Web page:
This year marks the 50th anniversary of humanity’s first steps on the moon.
Lincoln has commemorated this monumental event with an exhibition featuring a sculpture of the moon situated in The Collection.
The internally lit sculpture is made from detailed images of the lunar surface by taken by NASA, and each centimetre represents 6km of the Moon’s surface. The Collection will also host a series of film screenings and lectures on space exploration and the science of our Moon.
The early days of space exploration were driven by cold war nationalism, with one goal in mind; to out compete the enemy nation in the space race.
The Soviet Union was the first to send spacecraft, and animals, to the Moon. However it was the United States that succeeded in landing the first human beings on its surface.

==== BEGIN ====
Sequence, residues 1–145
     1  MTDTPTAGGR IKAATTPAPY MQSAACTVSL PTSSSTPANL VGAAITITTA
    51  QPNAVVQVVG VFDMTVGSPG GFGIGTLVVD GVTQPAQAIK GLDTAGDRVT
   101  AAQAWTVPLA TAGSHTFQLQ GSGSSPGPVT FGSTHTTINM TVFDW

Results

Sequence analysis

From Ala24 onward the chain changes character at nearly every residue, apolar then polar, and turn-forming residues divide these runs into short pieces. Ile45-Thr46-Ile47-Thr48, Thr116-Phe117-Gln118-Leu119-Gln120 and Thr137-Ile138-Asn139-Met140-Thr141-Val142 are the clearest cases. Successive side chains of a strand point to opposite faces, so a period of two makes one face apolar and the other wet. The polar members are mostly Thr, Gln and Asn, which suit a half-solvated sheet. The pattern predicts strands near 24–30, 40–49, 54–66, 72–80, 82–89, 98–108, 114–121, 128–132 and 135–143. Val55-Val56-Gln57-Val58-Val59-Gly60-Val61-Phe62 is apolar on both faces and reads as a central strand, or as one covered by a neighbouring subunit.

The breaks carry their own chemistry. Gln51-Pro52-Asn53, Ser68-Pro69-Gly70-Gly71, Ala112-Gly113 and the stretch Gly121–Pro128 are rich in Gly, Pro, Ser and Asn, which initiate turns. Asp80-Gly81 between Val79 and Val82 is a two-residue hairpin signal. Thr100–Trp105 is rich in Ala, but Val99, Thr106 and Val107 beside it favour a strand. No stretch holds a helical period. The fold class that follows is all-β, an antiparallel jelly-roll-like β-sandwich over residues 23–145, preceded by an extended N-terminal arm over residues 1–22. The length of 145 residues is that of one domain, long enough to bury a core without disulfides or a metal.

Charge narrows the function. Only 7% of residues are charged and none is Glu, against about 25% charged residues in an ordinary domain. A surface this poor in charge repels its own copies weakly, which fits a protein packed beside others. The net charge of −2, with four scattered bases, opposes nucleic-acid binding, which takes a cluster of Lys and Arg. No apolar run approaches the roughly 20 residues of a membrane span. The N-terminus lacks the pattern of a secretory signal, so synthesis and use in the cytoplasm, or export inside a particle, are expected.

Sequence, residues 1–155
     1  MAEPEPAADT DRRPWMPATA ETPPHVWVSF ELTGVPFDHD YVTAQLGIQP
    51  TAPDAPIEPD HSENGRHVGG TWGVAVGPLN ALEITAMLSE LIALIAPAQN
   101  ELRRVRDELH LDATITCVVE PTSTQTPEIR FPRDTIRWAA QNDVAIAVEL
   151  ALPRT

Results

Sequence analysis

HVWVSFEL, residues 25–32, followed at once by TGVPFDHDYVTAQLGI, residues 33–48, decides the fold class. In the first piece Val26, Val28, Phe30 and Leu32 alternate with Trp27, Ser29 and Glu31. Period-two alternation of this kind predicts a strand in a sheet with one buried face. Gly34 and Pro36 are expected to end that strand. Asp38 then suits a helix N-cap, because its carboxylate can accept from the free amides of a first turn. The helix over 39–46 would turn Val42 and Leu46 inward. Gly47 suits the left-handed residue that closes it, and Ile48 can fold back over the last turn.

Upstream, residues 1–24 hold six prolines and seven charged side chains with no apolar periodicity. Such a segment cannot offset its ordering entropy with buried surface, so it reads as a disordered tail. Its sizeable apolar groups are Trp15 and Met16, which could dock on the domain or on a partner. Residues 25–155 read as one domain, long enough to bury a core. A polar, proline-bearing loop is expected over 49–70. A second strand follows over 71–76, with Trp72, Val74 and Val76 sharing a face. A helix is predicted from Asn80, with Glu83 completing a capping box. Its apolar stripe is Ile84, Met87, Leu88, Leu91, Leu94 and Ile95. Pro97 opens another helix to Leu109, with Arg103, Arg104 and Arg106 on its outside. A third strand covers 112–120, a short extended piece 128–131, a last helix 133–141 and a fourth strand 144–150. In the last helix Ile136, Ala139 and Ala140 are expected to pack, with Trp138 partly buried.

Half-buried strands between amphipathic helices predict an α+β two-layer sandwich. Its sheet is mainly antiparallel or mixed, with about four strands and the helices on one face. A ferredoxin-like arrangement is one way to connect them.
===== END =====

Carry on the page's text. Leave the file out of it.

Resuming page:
Despite how mired the space race was in nationalism, the outcome was a deeper connection to the Earth, each other and the Universe. We gained a great deal of insight into the geology and origins of the Moon, as well as the health problems we face going into space from these early days. It also gave us the ability to explore the moons of other planets in our solar system, where giant oceans hidden under ice and thick methane rich atmospheres may hide life.
Today, 50 years on from conquering the Moon, we are still fascinated by it. Countries across the world are sending their own spacecraft to explore untouched areas on its surface, and it may not be too long before you can buy a ticket to the Moon.